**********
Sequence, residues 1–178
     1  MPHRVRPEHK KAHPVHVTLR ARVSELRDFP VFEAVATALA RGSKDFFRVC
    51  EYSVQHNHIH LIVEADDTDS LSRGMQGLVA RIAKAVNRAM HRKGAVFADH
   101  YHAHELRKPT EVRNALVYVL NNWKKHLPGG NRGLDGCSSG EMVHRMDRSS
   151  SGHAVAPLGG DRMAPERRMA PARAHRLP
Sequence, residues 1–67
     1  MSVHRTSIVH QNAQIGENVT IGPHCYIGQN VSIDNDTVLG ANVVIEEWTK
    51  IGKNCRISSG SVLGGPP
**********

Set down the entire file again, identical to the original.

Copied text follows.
Sequence, residues 1–178
     1  MPHRVRPEHK KAHPVHVTLR ARVSELRDFP VFEAVATALA RGSKDFFRVC
    51  EYSVQHNHIH LIVEADDTDS LSRGMQGLVA RIAKAVNRAM HRKGAVFADH
   101  YHAHELRKPT EVRNALVYVL NNWKKHLPGG NRGLDGCSSG EMVHRMDRSS
   151  SGHAVAPLGG DRMAPERRMA PARAHRLP
Sequence, residues 1–67
     1  MSVHRTSIVH QNAQIGENVT IGPHCYIGQN VSIDNDTVLG ANVVIEEWTK
    51  IGKNCRISSG SVLGGPP